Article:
Kathakali, an ancient larger-than-life theatre, thrives on unhurried presentations. It could last all night or be enacted over several days. They are shortened for modern-day consumption, and in many cases, presented in parts. Many plays in Kalakshetra Foundation’s ‘Bhasuram Bhasayati’ lasting two to three hours were presented as parts.
If you heard the title ‘Subhadra Haranam’ Part 2, what would you think? That it would deal with the dramatic abduction of Subhadra? No, it dealt with happenings after the abduction — Balabhadra’s anger when he learns of it and his subsequent placation by the wily Krishna. Interestingly, this is considered the more dramatic part.
A group of brahmanas, led by Varanad Sanalkumar, are returning from a wedding, when they discuss the abduction of Subhadra by an ascetic. When they see the remnants of the fight with the security guard, they conclude that the ascetic could have been none other than Arjuna.
Balabhadra (Kalamandalam Balasubhramanyan) is on his way home, when he sees them. He goes closer and overhears their conversation. This scene is broken by Balabhadra’s Thiranokku presentation.
Balasubhramanyan’s was a masterly act, quite technical, as in the gestures and in the use of minute facial expressions and eye movements. For the bold character, percussion increased, with the addition of two more drummers on the chenda and maddalam.
This is how Kathakali becomes larger than life — elaborate costume, massive headgear and detailed face paint according to the role, which incidentally remains organic, and the frenzied drumming during an angry or aggressive monologue.
As Balabhadra listens, he enacts the brahmanas’ banter about an ascetic falling in love. Hearing Subhadra’s name, he is startled. And when he hears of the abduction, he is furious. He turns his anger on Krishna, suspecting his involvement.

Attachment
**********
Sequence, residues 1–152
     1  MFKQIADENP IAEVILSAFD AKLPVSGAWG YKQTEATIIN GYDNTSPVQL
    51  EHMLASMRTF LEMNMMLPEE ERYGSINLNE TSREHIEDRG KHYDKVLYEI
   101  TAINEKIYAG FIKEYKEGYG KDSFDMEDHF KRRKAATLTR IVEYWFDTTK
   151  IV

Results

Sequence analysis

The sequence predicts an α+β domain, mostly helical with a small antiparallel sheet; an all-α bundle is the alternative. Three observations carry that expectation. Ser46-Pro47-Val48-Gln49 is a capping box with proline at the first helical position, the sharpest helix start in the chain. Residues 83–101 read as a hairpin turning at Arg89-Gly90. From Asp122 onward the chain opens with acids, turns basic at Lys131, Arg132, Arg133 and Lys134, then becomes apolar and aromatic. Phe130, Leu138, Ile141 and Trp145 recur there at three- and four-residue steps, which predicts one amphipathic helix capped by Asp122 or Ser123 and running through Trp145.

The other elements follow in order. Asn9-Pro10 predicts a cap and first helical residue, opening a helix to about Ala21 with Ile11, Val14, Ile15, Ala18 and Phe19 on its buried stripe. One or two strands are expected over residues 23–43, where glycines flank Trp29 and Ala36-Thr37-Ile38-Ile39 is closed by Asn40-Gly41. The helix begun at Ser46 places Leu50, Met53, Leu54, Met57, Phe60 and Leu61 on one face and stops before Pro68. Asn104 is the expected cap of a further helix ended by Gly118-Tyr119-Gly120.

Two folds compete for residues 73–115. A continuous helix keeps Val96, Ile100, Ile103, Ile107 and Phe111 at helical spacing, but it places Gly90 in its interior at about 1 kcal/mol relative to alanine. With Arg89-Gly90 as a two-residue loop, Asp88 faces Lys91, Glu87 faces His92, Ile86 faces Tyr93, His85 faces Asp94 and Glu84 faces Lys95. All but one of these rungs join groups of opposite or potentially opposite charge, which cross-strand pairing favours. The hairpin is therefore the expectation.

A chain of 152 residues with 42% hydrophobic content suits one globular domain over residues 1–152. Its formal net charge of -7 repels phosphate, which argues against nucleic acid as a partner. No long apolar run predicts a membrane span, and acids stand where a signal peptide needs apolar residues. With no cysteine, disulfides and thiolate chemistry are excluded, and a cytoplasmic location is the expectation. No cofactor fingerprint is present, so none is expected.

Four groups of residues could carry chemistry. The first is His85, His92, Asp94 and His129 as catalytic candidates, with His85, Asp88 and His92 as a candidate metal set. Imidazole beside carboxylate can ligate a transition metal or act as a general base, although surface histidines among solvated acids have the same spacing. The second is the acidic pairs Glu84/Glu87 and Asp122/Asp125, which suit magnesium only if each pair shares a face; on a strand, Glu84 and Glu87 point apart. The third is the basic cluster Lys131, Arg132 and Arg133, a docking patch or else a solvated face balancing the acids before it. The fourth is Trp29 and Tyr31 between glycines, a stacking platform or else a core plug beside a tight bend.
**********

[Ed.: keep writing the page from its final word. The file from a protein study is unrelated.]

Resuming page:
The confrontation between the brothers is the mainstay of the production. Krishna (Kalamandalam Shanmukadas) looks nervous and denies any role in the abduction, reminding his older brother that the ascetic looked effulgent and was invited by both of them to the palace, to be served by Subhadra. He makes Balabhadra see the wisdom of keeping their sister happy. And all ends well.
Every lead actor had room for manodharma elaboration and the sensitive playing of the chenda or maddalam and idakka, for the male and the female characters respectively, reflected the emotions. Krishna’s devotion to his brother and his denial of any complicity was impressive.
His words, couched in the plaintive tunes of Nilambari, Kalyana Vasantham and Sahana, added pathos to his appeals. The vocals of Kottakal Madhu with Kalamandalam Ajesh Prabhakar and Sadanam Saikumar were poetic, and the long, drawn-out melodies enjoyable. It somehow suited the unhurried pace of narration. The delivery turned aggressive with Balabhadra’s accusations (Madhyamavati).